By 2050, white Americans will make up about 49% of the country, whereas Hispanics make up 35% of the country. This will cause a near even parity between the two races, thus eliminating a majority race of America. Foreign immigrants in 1910 were commonly white. However, due to losing two generations of men and women in WWI and WWII, immigrants are predominately composed of different races and colors. Although this is a drastic change, immigration is not evil. If immigration is stopped, food prices will skyrocket by about 17-23% due to not having to pay additional taxes and government-run programs such as insurance. This would make the price of milk, for example, about $6.00 per gallon. Immigration also creates a lucrative income for the government in the form of taxes. Presently, the United States government is attempting to build a wall to help prevent illegal Mexican immigrants from coming to the United States; this, however, would accomplish nothing. We are observing a larger number of illegal Mexican immigrants crossing the border to get back to Mexico, rather than the other way around. Most illegal Mexican immigrants arrive in our country via airplanes, thus rendering the proposed border wall to be nothing more than a deterrent of illegal drug smuggling; which will likely be unsuccessful. This action by the United States government is due to conservatives and their fear of change. Since it takes about fourteen years to immigrate to America legally, this change needs to happen.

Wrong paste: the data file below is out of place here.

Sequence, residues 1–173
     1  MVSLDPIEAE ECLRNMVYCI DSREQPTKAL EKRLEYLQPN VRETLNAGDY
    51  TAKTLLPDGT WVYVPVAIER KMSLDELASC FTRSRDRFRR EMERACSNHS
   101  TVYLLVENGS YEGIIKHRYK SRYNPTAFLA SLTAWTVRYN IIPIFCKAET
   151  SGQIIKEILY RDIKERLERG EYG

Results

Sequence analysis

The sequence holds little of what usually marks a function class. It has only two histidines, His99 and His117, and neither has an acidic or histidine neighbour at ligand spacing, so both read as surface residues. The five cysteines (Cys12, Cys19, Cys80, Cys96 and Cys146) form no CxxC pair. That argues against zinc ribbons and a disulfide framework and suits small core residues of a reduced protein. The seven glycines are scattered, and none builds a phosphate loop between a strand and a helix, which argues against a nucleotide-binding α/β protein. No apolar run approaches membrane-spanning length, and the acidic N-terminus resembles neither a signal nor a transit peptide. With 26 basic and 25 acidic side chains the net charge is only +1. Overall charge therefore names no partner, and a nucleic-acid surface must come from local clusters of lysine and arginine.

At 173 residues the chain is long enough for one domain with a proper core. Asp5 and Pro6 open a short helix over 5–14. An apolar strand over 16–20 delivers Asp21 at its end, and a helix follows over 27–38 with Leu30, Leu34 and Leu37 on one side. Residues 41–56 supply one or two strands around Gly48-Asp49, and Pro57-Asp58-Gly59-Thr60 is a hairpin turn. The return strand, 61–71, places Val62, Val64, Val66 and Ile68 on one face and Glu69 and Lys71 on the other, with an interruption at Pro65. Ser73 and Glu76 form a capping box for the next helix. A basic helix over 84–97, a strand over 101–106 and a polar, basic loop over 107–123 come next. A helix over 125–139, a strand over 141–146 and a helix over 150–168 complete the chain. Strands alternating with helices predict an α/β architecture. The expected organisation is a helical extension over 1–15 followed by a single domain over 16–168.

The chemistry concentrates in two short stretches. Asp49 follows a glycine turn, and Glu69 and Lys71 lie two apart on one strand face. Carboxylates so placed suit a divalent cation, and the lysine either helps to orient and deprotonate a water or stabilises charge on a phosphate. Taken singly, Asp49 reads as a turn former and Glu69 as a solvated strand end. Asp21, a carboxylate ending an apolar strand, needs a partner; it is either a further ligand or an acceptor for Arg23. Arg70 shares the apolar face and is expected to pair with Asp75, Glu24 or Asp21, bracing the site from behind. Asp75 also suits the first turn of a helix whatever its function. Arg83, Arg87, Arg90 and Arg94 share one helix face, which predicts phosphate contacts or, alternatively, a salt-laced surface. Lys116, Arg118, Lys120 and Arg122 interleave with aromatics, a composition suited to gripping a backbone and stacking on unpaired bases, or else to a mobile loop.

Racism, per YUMPU’s article, “Myths and Mirrors: Real Challenges Facing Asian American Students,” is defined as “a social contract that refers to the denigration or subordination of a group based on its racial and cultural characteristics” (YUMPU, 2014). Racism can be applied to all people, no matter the color. Asian Americans face many of the same challenges that African Americans and Mexican Americans have gone through in the history of the United States, however, they typically go unnoticed. When the values of mainstream America and Asian American values are compared, there are numerous similarities, however even more differences which can cause turmoil. Asian Americans make up a large percentage of America; per Pew Research Center’s article, “Demographics of Asian Americans, in 2010, nearly 17.4 million Asian Americas are living in the United States (Pew Research Center, 2013). These Asian Americans favor self-control and discipline, obedience to authority, and a higher level of humility than compared to mainstream Americans. Mainstream Americans value strong social lives, being rewarded often, and express their emotions freely. This causes problems when the two cultures interact, however with time and patience, these differences can aid in developing an interesting multicultural society. Also per YUMPU, “studies have shown that individuals who believe they can function in two cultures were more satisfied with their lives and had lower levels of anxiety and depression” (YUMPU, 2013). This ability to function appropriately in dual cultures is called bicultural competence. Interacting with people of all colors, religions, and races creates the ability of a society, team, business, or social group, to interchange ideas and practices to develop new methods of thinking and solutions to problems that we all face.